Although you wouldn’t know it from riding your bike down car-clogged, fume-shrouded Leipziger Straße or Sonnenallee or Torstraße, Germany is amid an Autokrise or “car crisis”. In the 1970s the Oil Crisis meant the we had too little oil. In this crisis, it’s the exact opposite: we have way too many cars on our city streets.
It all bubbled to the surface last week. It’s pretty complicated, but here are the main things that happened:
1. Corrupt cartel: Last week Der Spiegel revealed that the big German cars brands had been meeting secretly as a cartel for years to discuss, among other things, how to cheat during emissions testing using fancy software. A juicy twist in the ongoing “Dieselgate” affair that began in September 2015 when the American EPA found that Volkswagen had been violating the US Clean Air Act on a massive scale. Now it’s almost certain that all of the German carmarkers were doing the same thing.
2. Diesel ban: Also last week, a court ruled that older diesel models would be banned from driving in Stuttgart (Germany’s car capital, home of Mercedes-Benz and Porsche) where diesel-related air pollution is reaching untenable levels. In a case brought on by the environmental group Deutsche Umwelthilfe, the judge found that the right to human health trumped the rights of diesel drivers to pollute the air. Deutsche Umwelthilfe has filed similar cases in several other German cities,
3. Recalls: Porsche, the luxury sports car maker from Stuttgart, has been banned from selling certain models of its Cayenne diesel SUVs, those 2.5 tonne luxury tanks popular with the one percent. At the same time, 21,500 Cayennes are being recalled across Europe. Why? Because they don’t comply with emmissions standards. VW and Audi are also being forced to recall hundreds of thousands of cars.
4. Fines: Since September 2015 when Dieselgate broke in the US, Volkswagen has been faced with new fines and lawsuits in countries around the world on almost a weekly basis. And Tuesday yet another VW scandal broke: the company may have used European research and development funds to develop their emissions-cheating engines.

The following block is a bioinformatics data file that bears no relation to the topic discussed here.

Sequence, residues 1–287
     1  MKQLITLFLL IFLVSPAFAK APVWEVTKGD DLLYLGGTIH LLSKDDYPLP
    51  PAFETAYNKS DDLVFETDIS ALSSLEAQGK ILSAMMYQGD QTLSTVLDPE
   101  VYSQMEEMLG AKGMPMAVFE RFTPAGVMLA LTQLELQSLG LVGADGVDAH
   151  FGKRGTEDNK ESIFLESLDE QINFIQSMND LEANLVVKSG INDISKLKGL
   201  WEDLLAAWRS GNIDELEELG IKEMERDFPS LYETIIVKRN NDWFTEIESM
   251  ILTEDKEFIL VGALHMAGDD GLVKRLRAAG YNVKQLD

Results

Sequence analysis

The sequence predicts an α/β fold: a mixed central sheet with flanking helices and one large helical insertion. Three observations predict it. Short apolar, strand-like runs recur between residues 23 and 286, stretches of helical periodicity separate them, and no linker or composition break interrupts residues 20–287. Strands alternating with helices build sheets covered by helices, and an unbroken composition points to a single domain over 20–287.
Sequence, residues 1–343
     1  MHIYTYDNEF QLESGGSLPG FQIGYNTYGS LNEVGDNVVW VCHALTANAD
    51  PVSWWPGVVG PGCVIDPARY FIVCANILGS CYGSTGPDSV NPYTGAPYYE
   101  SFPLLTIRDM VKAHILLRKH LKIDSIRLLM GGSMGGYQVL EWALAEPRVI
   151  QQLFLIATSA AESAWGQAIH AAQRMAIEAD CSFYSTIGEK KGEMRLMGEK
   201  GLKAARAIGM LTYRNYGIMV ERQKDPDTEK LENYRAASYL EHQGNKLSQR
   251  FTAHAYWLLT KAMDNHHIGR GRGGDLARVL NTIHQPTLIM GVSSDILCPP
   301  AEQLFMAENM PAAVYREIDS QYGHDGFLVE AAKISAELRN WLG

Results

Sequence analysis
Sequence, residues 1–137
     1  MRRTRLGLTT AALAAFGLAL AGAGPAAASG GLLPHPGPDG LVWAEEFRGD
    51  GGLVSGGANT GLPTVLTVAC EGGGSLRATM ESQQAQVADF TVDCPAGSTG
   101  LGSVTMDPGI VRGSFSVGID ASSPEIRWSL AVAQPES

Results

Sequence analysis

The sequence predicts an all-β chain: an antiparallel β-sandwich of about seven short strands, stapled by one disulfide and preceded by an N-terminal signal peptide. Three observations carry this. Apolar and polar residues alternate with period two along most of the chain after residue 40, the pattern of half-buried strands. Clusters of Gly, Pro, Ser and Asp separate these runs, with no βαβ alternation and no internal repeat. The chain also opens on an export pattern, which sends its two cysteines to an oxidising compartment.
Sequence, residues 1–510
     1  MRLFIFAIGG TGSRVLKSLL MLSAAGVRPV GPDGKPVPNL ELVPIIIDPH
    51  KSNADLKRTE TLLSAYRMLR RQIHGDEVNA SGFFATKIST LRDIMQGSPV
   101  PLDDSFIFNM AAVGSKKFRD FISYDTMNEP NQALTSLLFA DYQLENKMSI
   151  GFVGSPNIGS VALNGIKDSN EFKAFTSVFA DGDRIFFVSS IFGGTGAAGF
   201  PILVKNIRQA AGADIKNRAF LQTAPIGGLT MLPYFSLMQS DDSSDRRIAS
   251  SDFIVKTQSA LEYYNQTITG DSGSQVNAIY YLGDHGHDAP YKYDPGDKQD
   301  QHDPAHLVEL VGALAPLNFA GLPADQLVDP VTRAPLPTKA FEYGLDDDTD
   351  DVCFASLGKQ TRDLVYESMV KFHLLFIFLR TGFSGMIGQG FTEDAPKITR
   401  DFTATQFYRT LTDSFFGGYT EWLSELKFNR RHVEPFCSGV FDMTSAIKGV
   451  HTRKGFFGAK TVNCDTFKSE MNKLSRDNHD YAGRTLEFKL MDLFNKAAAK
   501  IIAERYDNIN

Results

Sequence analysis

What does it all mean? The events of the last two weeks show once and for all that the German car industry’s solution for climate change, “clean diesel”, is a scam. Diesel engines emit less carbon dioxide than petrol engines. Diesel motors employ a 100-year-old technology, are very easy to build and therefore extremely profitable. Yet they also produce large quantities of toxic nitrogen oxide (NOx) causing smog and serious lung and heart problems. According to the European Environment Agency NOx is responsible for about 10,000 premature deaths per year in Germany. After years of promoting diesel as cheap and environmentally friendly, Germany now has 15 million diesel cars on the road and the result is a full-blown health-crisis.
On Wednesday, the government met auto-industry bosses at the so-called National Diesel Summit to solve the diesel pollution problem. The result was lacklustre: Five million diesel cars are going to get a software update that will reduce NOx emissions by about third. The update will be “voluntary” on the part of drivers. The procedure will cost €50 per car, which the execs generously offered to cover, rather than beg for a government subsidy. In reality, though, the software option was a way to avoid a much more effective mechanical solution, which would have had an actual positive effect on air quality but at €1500 per car, would have caused quite a chink in corporate profits.
And another thing: You’d think that in a democracy representatives of other groups affected by the scandal would have been present at the summit: associations representing drivers, health experts and environmental groups. Nope. Just politicians and industry reps.
At the press conference afterwards, there was some chatter by the Environment Minster Barbara Hendricks about alternative engines: hybrids, electric and so on, but everyone present agreed: diesel was a “bridge technology” on the way to a clean future. Germany wants to postpone that clean future for as long as possible. While France and Britain have named 2040 as the year no new diesel or petrol cars are sold, Germany, the country that makes the most cars in Europe, refuses to set such a target.
What’s also pathetic is that nobody in the government is discussing the real solution to urban mobility and urban pollution: car sharing, massive investment in public transport and cycle infrastructure.
The Red-Red-Green government of Berlin, a city with no car-related industry to speak of and therefore, one would think, relatively free of lobbyist influence, should seize this opportunity to go above and beyond election promises and show that we can make the roads safer and cleaner for all Berliners. Mayor Michael Müller should double spending in bike lanes, and put serious money into the BVG and S-Bahn, adding more trains, lowering fares and making buses, trams and trains safer and cleaner. If not now, when?